A Psalm of David: “How long, O Jehovah? Will you forget me forever?” These words are sometimes the very words I have cried out to God with. When the delay of God’s answer is years in coming, when the delay in the return of a child to his mother is trapped in the courts, with no one who has the authority to decide caring. It’s complicated, there is an obvious delay being perpetrated by the opposing side for control, and to us as grandparents we see our grandson’s life passing by, and it’s agonizing. “How long O, Jehovah? Will you forget me forever?” …”How long will my enemy be exalted over me?” ...”And my enemy will say, ‘I have overcome him,’ And my adversaries will rejoice when I am shaken.” … “But still I will sing to the LORD, for He has dealt bountifully with me.” Yes, I have read about Abraham and Sarah in Genesis, and the promise of a son to them by Jehovah, in their old age. Yet even then they had to wait 13 years. I try to understand, but I really don’t like it. I know in my heart that Jehovah has complete control, and I trust Him, but I still wonder, “How long, O God?”

Micah 7:18-20 My, o my, what a description of current events in the world today. I know that we are supposed to be concerned with just a couple of verses, but the beginning of this chapter 7 is stellar. Speaking prophetically and looking at current conditions in our land, Verse 2 says “The godly person has perished from the land, and there is no upright person among men. All of them lie in wait for bloodshed;….Concerning evil, both hands do it well. The prince asks, also the judge, for a bribe, and a great man speaks the desire of his soul; so they all weave it together. The best of them is like a briar. The most upright are like a thorn hedge.” 5. “Do not trust in a neighbor; Do not have confidence in a friend. Guard your lips. For son treats father contemptuously, Daughter rises up against her mother, Daughter-in-law against her mother-in-law; A man’s enemies are the men of his own household.” What a bleak picture of the future this is , yet it is happening here in our own houses. The youth of today have made their parents generation the enemy. To them, there is no valid history beyond their own experience. I try to explain to my youth, that we were very involved in environmental and social issues from the 1960’s onward, really, physically involved. Action, not words. Yet their response is, “You didn’t do enough.” As though their protests today will actually ever accomplish anything good. Verses 18-20 gives us hope though, “For there is no God like Jehovah, who pardon’s iniquity, And passes over the rebellious act of the remnants of His possession. …He will again have compassion on us; He will tread our iniquities underfoot. Yes, He will cast all their sins into the depths of the sea.”….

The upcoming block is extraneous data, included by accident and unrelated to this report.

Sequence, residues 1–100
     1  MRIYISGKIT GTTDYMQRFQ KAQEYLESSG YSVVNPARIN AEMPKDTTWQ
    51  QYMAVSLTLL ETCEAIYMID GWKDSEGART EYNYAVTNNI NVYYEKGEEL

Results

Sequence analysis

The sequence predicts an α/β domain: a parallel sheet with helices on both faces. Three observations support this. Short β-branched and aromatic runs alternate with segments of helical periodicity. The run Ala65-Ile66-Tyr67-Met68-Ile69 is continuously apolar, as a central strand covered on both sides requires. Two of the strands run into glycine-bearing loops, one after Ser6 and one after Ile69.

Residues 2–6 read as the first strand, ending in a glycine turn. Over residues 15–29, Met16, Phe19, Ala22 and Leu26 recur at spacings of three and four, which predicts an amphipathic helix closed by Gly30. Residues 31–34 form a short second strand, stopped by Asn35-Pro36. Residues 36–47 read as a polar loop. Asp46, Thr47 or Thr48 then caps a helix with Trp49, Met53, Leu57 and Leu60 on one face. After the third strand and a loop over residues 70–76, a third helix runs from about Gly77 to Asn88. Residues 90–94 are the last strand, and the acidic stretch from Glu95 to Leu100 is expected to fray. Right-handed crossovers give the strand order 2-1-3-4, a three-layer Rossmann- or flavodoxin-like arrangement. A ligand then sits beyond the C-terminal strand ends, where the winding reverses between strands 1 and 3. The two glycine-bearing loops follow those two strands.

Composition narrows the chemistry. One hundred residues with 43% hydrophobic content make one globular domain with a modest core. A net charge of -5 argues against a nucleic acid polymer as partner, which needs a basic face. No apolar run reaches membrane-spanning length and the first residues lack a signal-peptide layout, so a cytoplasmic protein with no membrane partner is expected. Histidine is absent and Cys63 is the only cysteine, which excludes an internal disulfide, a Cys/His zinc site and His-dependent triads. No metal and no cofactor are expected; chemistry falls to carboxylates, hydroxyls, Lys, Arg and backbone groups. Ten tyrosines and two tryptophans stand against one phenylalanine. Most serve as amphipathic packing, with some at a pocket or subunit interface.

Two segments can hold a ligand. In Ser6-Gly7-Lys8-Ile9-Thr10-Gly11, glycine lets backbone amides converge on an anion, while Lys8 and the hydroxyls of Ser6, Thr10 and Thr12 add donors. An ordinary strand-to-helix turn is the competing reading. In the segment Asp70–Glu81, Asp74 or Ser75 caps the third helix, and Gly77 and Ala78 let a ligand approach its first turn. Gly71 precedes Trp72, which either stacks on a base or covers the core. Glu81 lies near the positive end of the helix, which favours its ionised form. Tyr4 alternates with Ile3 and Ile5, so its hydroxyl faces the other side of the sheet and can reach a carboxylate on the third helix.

Galatians 5:2-6 The continuing theme of these three passages is to be that the works of man, through the strength of his own flesh will always lead to failure. Paul then uses the example of circumcision, to demonstrate the effectiveness of physical effort, versus spiritual effort. Circumcision was a sign for the the Jews, that would make them physically separate from all other peoples. As though a tattoo might identify you with a group, yet could never change you, from the inside out. So as Paul says in verse 6; “For we through the Spirit, by faith, are waiting for the hope of righteousness.” Jehovah is our only hope, as in times of old, with Israel, only trust in the Holy one to save you, both individually and nationally, is valid. It’s Spiritual man.

“My hope is in the LORD; Who gave Himself for me; And paid the price for all my sin; At Calvary.

Prayer for our national and local leaders is paramount, to be transformed by the saving power of Jehovah.


The Trials of Judah

Jeremiah 39-45

Review & Commentary:  Jerusalem has fallen to the Chaldeans under the leadership of Nebuchadnezzar (39) … The threats Jeremiah warned of are now reality … Those captured are dealt with one one of three ways (40:1-12) … The willing, able bodied of Judah are enslaved and deported to Babylonia … The heads of their theocratic state, that being the clergy of the temple, are executed … The poor and elderly, including Jeremiah who is given a choice, are left behind in broken Judah … With the destruction of Judah’s social order comes violence and evil (40:13 – 41:18) … A request is made to Jeremiah to hear from YHWH (42:1-6) … He receives a message from God 10 days later (42:7) … Summarizing, the LORD tells those remaining of Judah not to fear the rule of the Chaldeans and DO NOT GO TO EGYPT!(42:9-22) … Quite naturally, a very vulnerable Judah remnant decides to travel to Egypt (43:1-7) … I wonder how often, nowadays, folk take what they believe to be a direct word from God and do just just the opposite? … Along the way, in Talpanhes, Jeremiah receives more from YHWH telling of the doom by Nebuchadnezzar and the Babylonians in conjunction with the Egyptian “fire” gods (43:8-13) … In Egypt, lots of unspoken bad happens to Judah (44:1-12), many die … Many of Judah worship Egypt’s gods, burn incense to them, drink offerings, etc. (44:15-30), more die and suffer … Some suffering is worse than dying … Through it all a few, a remnant, remain faithful to YHWH (44:14, 28) including Baruch, son of Neriah (45) … As it’s always been, a remnant, stay loyal to the LORD … This hope serves as a invitation to one and all.